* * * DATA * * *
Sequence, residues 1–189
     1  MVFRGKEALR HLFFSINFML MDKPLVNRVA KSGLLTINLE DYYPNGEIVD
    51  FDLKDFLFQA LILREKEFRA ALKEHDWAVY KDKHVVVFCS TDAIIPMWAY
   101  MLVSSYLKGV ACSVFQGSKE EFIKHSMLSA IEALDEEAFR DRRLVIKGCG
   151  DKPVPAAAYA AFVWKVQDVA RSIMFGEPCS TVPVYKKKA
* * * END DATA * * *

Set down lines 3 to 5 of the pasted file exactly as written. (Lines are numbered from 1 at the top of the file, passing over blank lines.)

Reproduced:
    51  FDLKDFLFQA LILREKEFRA ALKEHDWAVY KDKHVVVFCS TDAIIPMWAY
   101  MLVSSYLKGV ACSVFQGSKE EFIKHSMLSA IEALDEEAFR DRRLVIKGCG
   151  DKPVPAAAYA AFVWKVQDVA RSIMFGEPCS TVPVYKKKA